Researchers at Tomsk Polytechnic University found a method to increase fuel lifetime by 75%.
Deconstructing Schrödinger's cat
So far, many physicists have attempted to explain the problem of quantum superposition, as exemplified by Schrödinger's cat.
Subtle decline in cognition predicts progression to Alzheimer's pathology
Researchers at UC San Diego School of Medicine report that abnormal levels of beta-amyloid plaques in brain predict cognitive decline and higher risk of developing Alzheimer's disease, but also that cognitive performance predicts progression from normal to abnormal levels of beta-amyloid.
Habitat fragmentation imperils Madagascar's large-bodied lemurs
A new study in the American Journal of Primatology highlights the critical need for conservation efforts to protect lemurs on Madagascar.
The catalyst that removes CO2 and produces hydrocarbons
Water is split into hydrogen and oxygen by electrolysis, but if CO2 is also added to the mixture, compounds can be generated to make textiles, diapers and even spirits.
ESO telescope sees surface of dim Betelgeuse
Using ESO's Very Large Telescope (VLT), astronomers have captured the unprecedented dimming of Betelgeuse, a red supergiant star in the constellation of Orion.
Double success for University drug resistance research
Swansea University research into the threat posed by antifungal drug resistance has been highlighted in two prestigious international journals.
AI helps predict heart attacks and stroke
Artificial intelligence has been used for the first time to instantly and accurately measure blood flow, in a study led by UCL and Barts Health NHS Trust published in Circulation.
How did dinosaur parents know when their kids had a fever?
How Did Dinosaur Parents Know When Their Kids Had a Fever?
Holstein steers that get hormone implants perform as well as implanted beef cows
Holstein steers that get hormone implants grow faster than those that do not receive the implants, and they get as big as beef cattle breeds, according to Penn State researchers, who say that's good news for dairy farmers struggling to keep their operations financially viable.
Computer simulations visualize how DNA is recognized to convert cells into stem cells
Researchers of the Hubrecht Institute (KNAW - The Netherlands) and the Max Planck Institute in Münster (Germany) have revealed how an essential protein helps to activate genomic DNA during the conversion of regular adult human cells into stem cells.
New guidelines for hepatic failure in the intensive care unit
For critical care specialists, hepatic failure poses complex challenges unlike those of other critical illnesses.
Looking for aliens who might be looking for us
Data from a massive search for cosmic radio emission released Feb 14. by the Breakthrough Listen Initiative has allowed astronomers to look for technological signatures of extraterrestrial civilizations that might be looking for us.
Satellite image data reveals rapid decline of China's intertidal wetlands
Researchers from the school of Geographical Sciences at Guangzhou University have revealed the stark decline of China's intertidal wetlands by studying archives of satellite imaging data.
Catalyst deposition on fragile chips
Researchers at the Ruhr-Universität Bochum (RUB) and the University of Duisburg-Essen have developed a new method of depositing catalyst particles to tiny electrodes.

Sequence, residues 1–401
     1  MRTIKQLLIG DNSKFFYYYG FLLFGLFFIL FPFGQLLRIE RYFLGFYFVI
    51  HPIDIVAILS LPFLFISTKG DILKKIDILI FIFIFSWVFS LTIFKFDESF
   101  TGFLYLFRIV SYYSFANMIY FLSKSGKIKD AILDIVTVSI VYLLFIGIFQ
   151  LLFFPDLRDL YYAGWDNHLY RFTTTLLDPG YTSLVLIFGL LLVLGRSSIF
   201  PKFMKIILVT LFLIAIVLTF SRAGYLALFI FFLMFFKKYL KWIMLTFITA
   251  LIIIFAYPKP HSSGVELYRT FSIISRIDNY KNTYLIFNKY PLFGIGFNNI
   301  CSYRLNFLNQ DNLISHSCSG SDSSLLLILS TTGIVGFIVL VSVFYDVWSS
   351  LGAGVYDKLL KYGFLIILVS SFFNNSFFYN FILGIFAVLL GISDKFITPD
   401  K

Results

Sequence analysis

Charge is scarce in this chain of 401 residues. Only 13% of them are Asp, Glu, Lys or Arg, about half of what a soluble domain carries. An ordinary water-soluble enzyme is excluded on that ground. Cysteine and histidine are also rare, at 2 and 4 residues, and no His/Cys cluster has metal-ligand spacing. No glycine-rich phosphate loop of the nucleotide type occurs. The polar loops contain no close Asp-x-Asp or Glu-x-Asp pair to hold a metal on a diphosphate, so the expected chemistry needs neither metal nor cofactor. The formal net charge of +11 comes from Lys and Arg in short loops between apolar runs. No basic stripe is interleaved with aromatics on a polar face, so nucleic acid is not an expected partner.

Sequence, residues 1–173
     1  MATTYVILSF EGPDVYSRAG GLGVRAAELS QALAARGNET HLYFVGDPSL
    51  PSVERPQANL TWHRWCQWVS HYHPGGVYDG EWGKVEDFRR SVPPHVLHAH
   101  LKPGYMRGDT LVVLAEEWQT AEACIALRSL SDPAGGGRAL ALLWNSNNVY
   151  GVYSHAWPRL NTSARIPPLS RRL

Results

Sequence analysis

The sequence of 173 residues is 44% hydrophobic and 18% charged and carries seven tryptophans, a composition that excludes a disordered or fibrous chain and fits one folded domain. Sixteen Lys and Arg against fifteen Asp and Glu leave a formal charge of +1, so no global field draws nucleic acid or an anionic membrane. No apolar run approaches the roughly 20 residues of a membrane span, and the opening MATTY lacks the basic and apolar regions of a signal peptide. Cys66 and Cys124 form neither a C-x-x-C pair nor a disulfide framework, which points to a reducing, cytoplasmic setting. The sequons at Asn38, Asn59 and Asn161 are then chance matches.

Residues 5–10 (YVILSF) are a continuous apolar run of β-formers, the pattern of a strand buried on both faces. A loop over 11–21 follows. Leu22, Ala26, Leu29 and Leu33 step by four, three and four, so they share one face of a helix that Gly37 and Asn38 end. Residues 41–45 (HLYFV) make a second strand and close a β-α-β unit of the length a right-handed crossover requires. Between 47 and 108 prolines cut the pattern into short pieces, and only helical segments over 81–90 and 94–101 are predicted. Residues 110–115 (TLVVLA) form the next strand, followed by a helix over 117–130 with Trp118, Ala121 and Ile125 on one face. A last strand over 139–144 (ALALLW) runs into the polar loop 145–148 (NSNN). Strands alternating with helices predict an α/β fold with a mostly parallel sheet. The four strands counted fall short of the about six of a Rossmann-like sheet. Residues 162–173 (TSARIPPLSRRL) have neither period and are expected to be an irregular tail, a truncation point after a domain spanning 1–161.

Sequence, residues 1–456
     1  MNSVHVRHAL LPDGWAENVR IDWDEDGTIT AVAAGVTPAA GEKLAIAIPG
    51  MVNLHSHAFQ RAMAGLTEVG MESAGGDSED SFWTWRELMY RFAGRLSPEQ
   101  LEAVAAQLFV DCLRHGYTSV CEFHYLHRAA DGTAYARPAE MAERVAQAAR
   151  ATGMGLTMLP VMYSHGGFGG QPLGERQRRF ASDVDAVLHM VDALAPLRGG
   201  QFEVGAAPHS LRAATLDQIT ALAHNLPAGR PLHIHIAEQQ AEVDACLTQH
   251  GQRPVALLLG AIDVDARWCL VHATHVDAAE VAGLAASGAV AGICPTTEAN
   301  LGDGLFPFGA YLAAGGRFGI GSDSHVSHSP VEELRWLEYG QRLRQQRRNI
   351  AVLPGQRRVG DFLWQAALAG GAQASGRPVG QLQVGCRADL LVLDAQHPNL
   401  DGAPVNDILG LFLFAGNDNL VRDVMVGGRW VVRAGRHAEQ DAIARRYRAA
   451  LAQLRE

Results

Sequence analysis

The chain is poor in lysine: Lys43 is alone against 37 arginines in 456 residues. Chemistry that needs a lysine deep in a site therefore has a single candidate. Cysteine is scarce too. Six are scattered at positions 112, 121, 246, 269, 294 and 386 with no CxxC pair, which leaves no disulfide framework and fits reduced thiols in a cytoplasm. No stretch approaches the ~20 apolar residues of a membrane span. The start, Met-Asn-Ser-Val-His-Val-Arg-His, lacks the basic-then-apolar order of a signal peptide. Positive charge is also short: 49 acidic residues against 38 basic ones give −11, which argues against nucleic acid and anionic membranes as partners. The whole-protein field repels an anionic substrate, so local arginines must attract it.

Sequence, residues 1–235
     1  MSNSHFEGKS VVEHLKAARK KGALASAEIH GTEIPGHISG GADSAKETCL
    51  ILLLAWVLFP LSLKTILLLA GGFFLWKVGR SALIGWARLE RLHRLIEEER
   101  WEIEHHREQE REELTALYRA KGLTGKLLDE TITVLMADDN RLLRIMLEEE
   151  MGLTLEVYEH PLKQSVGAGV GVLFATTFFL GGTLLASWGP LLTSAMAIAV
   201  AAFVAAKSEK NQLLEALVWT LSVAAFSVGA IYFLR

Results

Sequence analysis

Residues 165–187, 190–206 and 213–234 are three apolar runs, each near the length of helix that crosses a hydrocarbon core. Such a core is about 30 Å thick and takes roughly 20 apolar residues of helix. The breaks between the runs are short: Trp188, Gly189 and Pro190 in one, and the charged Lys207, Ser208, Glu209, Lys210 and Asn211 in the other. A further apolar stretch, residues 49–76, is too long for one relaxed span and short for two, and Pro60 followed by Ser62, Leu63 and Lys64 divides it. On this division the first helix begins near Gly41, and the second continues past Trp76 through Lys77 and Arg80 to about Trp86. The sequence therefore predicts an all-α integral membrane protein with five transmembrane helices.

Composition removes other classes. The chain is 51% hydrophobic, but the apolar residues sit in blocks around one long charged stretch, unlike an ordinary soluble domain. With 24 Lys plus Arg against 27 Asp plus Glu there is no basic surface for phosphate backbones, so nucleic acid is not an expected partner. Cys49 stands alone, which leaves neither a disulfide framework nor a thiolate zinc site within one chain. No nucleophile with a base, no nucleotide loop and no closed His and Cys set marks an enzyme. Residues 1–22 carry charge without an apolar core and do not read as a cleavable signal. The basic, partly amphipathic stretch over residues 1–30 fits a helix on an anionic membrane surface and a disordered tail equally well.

Vitamin E effective, safe for fatty liver in HIV patients
A type of fatty liver disease that commonly affects patients with HIV can be safely treated with vitamin E, a McGill-led study has found.
To help wildlife move, researchers map both natural and legal boundaries
Researchers have developed a way to find the path of least resistance in creating wildlife corridors by mapping not only habitat but also the types of legal authority governing the landscape.
UCF researchers develop device that mimics brain cells used for human vision
In a study featured as the cover article appearing today in the journal Science Advances, a UCF research team showed that by combining two promising nanomaterials into a new superstructure, they could create a nanoscale device that mimics the neural pathways of brain cells used for human vision.
Northwestern researcher examines substance use disorders in at-risk youth
Using data from the Northwestern Juvenile Project, Linda Teplin of Northwestern University will examine the persistence and progression of substance use disorders -- including opioid use disorder -- in delinquent youth in a talk at the American Association for the Advancement of Science (AAAS) annual meeting in Seattle on Friday, Feb.
New pathogenic mechanism for influenza NS1 protein found
Researchers report the biological effects of influenza protein NS1 binding to RIG-I -- the binding directly quiets the alarm that activates the cellular innate immunity defense against the infection.
Novel formulation permits use of toxin from rattlesnake venom to treat chronic pain
Researchers Butantan Institute succeeded in reducing the toxicity and potentiating the analgesic effect of crotoxin by encapsulating it in nanostructured silica.
Brief bursts, big insights
Researchers at the University of Freiburg use new method to investigate neural oscillations.
Researchers wake monkeys by stimulating 'engine' of consciousness in brain
A small amount of electricity delivered at a specific frequency to a particular point in the brain will snap a monkey out of even deep anesthesia, pointing to a circuit of brain activity key to consciousness and suggesting potential treatments for debilitating brain disorders.